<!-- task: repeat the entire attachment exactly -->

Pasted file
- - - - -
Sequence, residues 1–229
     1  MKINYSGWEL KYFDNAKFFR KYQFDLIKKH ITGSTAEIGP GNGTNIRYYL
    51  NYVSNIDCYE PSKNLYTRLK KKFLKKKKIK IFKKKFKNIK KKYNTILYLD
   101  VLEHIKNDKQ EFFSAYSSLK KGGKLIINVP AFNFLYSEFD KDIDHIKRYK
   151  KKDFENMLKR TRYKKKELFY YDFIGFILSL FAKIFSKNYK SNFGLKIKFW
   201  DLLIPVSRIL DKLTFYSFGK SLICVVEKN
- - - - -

Sequence, residues 1–229
     1  MKINYSGWEL KYFDNAKFFR KYQFDLIKKH ITGSTAEIGP GNGTNIRYYL
    51  NYVSNIDCYE PSKNLYTRLK KKFLKKKKIK IFKKKFKNIK KKYNTILYLD
   101  VLEHIKNDKQ EFFSAYSSLK KGGKLIINVP AFNFLYSEFD KDIDHIKRYK
   151  KKDFENMLKR TRYKKKELFY YDFIGFILSL FAKIFSKNYK SNFGLKIKFW
   201  DLLIPVSRIL DKLTFYSFGK SLICVVEKN